6 At-Home Habits You Already Have That Are Also Helping Your Plants

updated Mar 17, 2021
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Credit: Carina Romano

Ask any green thumb and they’ll tell you the same thing: Nurturing your plants at home doesn’t require a lot of money — just some of your attention. “The biggest resource you may need to devote to your plants is your time,” says Summer Rayne Oakes, founder of Homestead Brooklyn and host of the YouTube channel “Plant One on Me.” “Developing a routine with your plants allows you to establish a tempo of caring for them on a regular basis.”

Since most plants only need light, water, and a growing medium to survive, Apartment Therapy’s Plant Doctor Hilton Carter says the trick is giving them the right kind of attention. “To give plants the best chance to thrive in your home, you simply need to place them in the light that’s best for them, make sure to water them when the moisture of their soil tells you so, and check in on them every few days to make sure they’re free of pests and growing strong,” the author of “Wild at Home” notes.

Whether you realize it or not,  there are lots of little things you might already be doing at home to help your plants flourish. From saving plastic produce containers to cleaning your windows regularly, here are six habits that plant experts say can promote better plant growth.

Saving old containers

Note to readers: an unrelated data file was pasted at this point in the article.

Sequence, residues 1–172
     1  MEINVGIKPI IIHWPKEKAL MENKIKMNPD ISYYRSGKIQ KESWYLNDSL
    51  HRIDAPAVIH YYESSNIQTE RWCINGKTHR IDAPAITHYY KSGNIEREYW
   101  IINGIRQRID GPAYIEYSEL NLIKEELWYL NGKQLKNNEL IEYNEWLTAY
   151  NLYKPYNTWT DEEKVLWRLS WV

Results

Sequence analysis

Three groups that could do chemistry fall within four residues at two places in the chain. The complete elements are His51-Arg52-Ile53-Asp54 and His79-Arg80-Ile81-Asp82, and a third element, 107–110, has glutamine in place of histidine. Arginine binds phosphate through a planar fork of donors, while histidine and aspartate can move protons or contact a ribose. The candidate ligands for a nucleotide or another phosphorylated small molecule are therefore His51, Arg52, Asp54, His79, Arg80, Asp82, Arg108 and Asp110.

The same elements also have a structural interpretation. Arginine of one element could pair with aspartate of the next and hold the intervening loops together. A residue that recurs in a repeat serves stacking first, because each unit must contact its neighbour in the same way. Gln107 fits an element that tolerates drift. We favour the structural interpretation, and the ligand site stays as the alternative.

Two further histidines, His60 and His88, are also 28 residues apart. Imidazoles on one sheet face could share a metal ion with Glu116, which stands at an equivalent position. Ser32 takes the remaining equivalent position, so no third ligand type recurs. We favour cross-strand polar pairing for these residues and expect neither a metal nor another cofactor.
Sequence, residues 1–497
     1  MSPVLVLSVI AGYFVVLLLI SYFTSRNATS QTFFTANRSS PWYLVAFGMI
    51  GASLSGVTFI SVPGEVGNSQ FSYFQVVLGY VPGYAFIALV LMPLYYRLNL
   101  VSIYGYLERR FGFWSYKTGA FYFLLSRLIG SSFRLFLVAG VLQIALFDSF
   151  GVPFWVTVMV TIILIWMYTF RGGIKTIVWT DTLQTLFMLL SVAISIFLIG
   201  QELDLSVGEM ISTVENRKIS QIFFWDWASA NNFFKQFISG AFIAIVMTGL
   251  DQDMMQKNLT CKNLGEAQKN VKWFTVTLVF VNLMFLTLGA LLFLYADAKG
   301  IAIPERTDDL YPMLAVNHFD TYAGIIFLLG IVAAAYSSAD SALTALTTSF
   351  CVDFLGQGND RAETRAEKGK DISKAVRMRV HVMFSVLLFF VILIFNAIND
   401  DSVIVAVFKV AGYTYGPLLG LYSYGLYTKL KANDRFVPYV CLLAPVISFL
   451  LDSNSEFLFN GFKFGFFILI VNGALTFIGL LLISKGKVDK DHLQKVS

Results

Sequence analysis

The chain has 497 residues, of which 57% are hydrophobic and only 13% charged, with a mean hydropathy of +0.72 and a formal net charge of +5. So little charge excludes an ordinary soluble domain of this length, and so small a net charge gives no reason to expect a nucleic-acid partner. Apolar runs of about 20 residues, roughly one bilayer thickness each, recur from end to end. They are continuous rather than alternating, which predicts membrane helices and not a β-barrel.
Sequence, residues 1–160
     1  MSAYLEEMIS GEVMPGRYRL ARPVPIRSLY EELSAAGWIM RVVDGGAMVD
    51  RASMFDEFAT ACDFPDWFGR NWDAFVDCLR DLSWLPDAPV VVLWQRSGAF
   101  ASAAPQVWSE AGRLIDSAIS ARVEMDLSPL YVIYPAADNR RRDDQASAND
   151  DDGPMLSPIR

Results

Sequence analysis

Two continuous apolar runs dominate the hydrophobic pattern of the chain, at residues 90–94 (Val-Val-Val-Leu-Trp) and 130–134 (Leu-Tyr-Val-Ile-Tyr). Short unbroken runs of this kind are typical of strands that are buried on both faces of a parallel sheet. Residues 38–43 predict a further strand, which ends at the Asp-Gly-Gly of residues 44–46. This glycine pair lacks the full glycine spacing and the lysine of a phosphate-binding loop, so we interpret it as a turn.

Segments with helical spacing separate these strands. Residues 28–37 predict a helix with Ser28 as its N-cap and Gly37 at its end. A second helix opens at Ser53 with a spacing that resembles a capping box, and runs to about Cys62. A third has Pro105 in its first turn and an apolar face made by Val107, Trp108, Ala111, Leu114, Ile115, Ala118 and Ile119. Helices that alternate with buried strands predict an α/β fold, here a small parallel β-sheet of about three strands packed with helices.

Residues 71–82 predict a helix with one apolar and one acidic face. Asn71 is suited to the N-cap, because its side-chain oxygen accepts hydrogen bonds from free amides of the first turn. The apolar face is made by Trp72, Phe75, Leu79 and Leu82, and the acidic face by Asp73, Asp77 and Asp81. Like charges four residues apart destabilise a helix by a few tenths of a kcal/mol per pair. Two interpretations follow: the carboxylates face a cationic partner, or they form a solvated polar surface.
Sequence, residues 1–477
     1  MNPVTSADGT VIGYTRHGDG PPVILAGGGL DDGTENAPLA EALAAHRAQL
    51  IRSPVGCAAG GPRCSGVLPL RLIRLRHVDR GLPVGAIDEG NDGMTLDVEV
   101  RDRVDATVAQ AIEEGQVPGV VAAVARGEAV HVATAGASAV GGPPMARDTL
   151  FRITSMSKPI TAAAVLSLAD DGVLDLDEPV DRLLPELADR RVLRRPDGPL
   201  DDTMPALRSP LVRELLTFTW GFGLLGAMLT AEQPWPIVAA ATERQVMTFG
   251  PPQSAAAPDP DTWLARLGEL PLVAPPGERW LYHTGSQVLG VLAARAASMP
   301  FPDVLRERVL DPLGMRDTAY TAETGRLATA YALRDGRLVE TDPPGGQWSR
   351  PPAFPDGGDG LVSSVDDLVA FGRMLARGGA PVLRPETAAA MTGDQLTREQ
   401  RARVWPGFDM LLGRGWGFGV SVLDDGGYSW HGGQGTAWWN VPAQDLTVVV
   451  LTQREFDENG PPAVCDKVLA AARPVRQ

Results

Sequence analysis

If you have a habit of hanging onto empty glass and plastic containers, Nika Vaughan, founder of Plant Salon, says they can come in handy for way more than storing leftovers. “You can reuse glass jars and bottles to propagate new plants in water,” she explains. “After removing any labels and cleaning the bottle, add enough water for the end of the plant cutting — or if it’s a vining plant, one of the nodes on the stem — to be sitting below the surface, so new roots can grow.”

Plastic produce containers can also moonlight as little greenhouses to help germinate seeds and start baby plants. “These containers already have little holes for ventilation, as well as clear tops for letting light in,” Vaughan explains. After cleaning the container, Vaughan says to line it with a paper towel or coffee filter to cover the holes at the base. Next, fill with a well-draining garden or potting mix before adding your seeds or plants. “Close the lid, and voila! You’ve got a mini-greenhouse that you can place somewhere it will get bright, but filtered light.”


Not only is composting organic materials such as leaves and food scraps an easy way to reduce waste at home, garden expert Melinda Myers says it’s a habit that can help your plants grow stronger, too. “Adding layers of compost material — including lettuce leaves, broccoli stems, coffee grounds, and eggshells — to garden bedding creates a nutrient-rich soil that you can add to your houseplant potting medium,” she explains. 

If you dig the idea of composting but don’t have the access to outdoor space, horticulturist Daniel Cunningham of Rooted In suggests investing in a bokashi bin. “Bokashi bins are super cheap compared to traditional compost bins and they are the perfect way to compost in an apartment,” he explains. “Turn your coffee grounds, fruit, and vegetable scraps into healthy plant food by simply tossing them into the bin and sprinkling Bokashi bran on top.”

Credit: Natalie Jeffcott

Cleaning windows regularly